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Microsoft’s underdog search engine, Bing, is launching the equivalent of a blind taste test for the search industry today, inviting searchers to compare its results against those of Google on queries of their choice.

The “Bing It On” challenge, available here, will be marketed heavily by Microsoft in a new ad campaign as a way of touting research showing that people prefer its results 2:1 over Google’s results in blind comparison tests. It’s similar in many ways to the Pepsi Challenge that the soda maker used to take on rival Coke starting in the 1970s.

It’s a big gamble by Microsoft, because in some cases the challenge could reinforce Google’s brand.

In my first blind test this morning, for example, Google was the winner, in part because it knew that my search for “Cake” was a reference to the band, whereas Bing thought I was looking for something from the bakery. I was signed in to both my Google and Microsoft accounts, but the search giant had an edge based on my search history.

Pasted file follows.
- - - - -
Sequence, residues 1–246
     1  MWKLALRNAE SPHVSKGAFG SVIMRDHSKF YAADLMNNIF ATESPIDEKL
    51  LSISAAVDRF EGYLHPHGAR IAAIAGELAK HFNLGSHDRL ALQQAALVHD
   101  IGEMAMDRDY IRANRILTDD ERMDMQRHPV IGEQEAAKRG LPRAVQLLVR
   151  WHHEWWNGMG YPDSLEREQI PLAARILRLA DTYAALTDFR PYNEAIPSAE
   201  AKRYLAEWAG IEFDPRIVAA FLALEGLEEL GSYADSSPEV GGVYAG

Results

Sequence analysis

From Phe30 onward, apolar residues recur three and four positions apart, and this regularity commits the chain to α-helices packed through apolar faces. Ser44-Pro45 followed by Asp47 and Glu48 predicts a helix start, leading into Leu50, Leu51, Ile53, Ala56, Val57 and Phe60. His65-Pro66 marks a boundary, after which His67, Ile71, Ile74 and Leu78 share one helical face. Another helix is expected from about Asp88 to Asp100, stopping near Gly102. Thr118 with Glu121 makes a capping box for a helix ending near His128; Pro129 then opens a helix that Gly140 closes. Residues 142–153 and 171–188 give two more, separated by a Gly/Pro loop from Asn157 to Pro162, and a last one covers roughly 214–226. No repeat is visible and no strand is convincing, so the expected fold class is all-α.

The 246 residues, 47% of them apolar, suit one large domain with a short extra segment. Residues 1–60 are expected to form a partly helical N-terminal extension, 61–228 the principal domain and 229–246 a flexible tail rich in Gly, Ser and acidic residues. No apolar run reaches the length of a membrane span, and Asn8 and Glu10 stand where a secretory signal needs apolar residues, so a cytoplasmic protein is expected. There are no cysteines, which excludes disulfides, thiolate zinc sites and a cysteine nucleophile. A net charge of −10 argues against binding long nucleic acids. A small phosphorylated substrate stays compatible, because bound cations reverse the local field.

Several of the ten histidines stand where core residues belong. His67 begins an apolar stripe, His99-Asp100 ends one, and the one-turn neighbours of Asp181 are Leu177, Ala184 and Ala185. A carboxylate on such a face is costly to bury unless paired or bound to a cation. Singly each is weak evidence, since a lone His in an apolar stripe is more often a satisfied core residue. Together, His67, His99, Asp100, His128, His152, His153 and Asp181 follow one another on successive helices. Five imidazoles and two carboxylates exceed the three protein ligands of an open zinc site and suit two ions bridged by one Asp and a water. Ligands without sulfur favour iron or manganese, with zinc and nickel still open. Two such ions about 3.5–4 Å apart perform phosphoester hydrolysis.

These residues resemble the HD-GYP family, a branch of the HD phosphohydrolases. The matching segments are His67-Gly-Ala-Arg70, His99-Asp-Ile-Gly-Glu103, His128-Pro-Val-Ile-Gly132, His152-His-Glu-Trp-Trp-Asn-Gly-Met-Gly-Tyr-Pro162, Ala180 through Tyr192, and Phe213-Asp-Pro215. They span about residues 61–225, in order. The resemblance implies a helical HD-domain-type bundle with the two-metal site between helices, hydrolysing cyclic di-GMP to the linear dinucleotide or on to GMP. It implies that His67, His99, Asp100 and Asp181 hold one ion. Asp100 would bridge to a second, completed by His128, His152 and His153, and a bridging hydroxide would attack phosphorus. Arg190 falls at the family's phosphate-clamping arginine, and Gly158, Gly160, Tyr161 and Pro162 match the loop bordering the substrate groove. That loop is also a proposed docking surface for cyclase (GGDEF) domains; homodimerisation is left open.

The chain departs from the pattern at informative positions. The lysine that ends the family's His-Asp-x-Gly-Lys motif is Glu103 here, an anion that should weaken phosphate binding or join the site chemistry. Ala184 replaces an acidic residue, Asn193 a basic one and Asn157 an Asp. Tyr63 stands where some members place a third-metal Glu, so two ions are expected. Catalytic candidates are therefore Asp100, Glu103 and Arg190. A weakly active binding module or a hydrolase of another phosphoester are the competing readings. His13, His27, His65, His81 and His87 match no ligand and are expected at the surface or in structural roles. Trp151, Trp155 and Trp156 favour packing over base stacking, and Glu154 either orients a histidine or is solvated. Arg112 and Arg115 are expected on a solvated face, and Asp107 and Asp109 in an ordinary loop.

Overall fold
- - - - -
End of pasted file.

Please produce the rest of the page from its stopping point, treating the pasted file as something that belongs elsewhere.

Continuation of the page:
In my second blind test, using more straightforward queries, Bing’s results edged out Google’s results.

Microsoft is betting that the research is on the mark, and people overall will prefer its results.

“Since relevancy of search results is the #1 driver of search engine preference, the time is right for a wake-up call for searchers,” writes Mike Nichols, Bing corporate vice president and chief marketing officer, in a post this morning.

At the very least, the big marketing push promises to put Bing on the radar of more people. And Microsoft doesn’t have a lot to lose. The company has about 15 percent market share in the U.S., compared with 66 percent for Google.

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